Calmar Ratio: Definition, Calculation, and Importance
Calmar ratio is a popular risk-adjusted measure used by investors in their investment selection process. The Calmar ratio is calculated by dividing the compounded annual rate of return for period and dividing it by the maximum drawdown for the same period. The calculations are done using absolute values. Calmar ratios are generally calculated using 36 months of data. It is calculated on a monthly basis. The lower the Calmar Ratio, the worse the performance of the investment; the higher the Calmar Ratio, the better the performance. Among traders, a Calmar ratio of 1plus is considered good, 3 plus is excellent and 5 plus is awesome.
For Calmar ratio, the unit of risk is the maximum drawdown.Drawdowns consist of peak-to-trough declines during a specific period of investment. The period between the peak level and the trough is called the “length” of the drawdown. Maximum drawdown is defined as the maximum loss from a peak-to-trough during an investment period.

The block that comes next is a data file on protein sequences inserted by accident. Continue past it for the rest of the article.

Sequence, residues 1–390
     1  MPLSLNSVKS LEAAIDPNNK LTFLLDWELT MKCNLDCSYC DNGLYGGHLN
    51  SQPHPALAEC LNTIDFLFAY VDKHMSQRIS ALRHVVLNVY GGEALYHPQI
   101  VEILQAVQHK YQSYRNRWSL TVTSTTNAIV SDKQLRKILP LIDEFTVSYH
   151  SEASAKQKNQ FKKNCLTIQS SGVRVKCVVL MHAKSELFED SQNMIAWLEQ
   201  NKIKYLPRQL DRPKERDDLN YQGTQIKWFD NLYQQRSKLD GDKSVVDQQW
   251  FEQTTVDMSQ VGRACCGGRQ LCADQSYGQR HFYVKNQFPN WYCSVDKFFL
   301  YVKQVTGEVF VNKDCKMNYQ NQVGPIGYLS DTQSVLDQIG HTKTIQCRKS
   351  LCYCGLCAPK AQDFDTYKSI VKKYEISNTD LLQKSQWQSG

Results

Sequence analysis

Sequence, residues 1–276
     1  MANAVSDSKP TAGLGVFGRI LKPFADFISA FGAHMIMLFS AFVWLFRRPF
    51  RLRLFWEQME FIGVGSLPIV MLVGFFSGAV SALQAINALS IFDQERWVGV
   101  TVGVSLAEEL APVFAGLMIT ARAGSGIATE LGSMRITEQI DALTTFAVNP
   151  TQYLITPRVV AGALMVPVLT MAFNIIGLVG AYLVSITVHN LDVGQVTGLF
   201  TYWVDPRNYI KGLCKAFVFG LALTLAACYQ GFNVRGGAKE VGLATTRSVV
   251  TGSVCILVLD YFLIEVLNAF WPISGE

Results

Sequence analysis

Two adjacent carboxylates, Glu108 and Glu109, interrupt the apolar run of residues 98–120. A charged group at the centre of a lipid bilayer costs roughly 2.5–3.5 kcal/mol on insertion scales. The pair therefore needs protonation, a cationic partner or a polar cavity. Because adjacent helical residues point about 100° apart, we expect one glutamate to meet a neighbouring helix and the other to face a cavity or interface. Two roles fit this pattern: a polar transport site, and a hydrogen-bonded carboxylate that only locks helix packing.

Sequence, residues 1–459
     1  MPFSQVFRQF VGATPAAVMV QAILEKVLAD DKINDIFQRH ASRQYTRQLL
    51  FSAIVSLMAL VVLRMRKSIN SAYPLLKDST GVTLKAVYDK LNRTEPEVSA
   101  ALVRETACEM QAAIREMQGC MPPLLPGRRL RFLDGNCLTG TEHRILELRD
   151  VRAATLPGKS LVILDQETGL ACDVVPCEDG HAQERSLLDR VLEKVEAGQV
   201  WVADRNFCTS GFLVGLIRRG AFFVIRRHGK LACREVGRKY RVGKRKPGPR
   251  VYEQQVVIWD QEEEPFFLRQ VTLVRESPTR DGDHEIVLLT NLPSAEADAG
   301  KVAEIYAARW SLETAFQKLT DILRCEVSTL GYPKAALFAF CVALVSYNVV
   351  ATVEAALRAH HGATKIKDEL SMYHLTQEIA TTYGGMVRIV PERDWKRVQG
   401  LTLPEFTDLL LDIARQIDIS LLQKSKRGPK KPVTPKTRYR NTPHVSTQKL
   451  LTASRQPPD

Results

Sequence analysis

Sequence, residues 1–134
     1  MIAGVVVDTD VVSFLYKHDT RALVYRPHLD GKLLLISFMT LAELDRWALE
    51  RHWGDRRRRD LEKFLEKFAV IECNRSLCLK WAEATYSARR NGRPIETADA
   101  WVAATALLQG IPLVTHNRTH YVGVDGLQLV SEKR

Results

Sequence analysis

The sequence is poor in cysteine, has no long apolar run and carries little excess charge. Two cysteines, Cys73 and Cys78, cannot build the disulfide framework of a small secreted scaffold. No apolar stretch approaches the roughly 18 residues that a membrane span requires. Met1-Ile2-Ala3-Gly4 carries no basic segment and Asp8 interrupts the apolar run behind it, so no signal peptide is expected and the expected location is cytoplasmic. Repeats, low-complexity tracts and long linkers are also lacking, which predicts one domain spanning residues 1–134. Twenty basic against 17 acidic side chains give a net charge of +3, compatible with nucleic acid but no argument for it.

- Rp is the portfolio returns
- Rf if the risk-free rate
- Max D is the maximum drawdown for the period
Calmar ratio has the effect of smoothing out the overachievements and underachievements in a portfolio. Essentially, the Calmar ratio normalizes the returns of a portfolio by its tail risk. Since it does a good job of smoothing performance results, it encourages long-term investment outlook. It can also be used as a warning signal. If the Calmar ratio is on a downtrend, it is important for investors to review their portfolio to find whether the decrease is because of increased volatility, decreased returns or some other factors.
Calmar ratio is also an important ratio calculated while backtesting trading strategies. Investors will generally use Calmar ratio in conjunction with Sharpe Ratio and Sterling Ratio. Unlike the Sharpe Ratio, the Calmar Ratio cannot be scaled to different time horizons, so portfolios that use the Calmar Ratio should have the same backtesting period.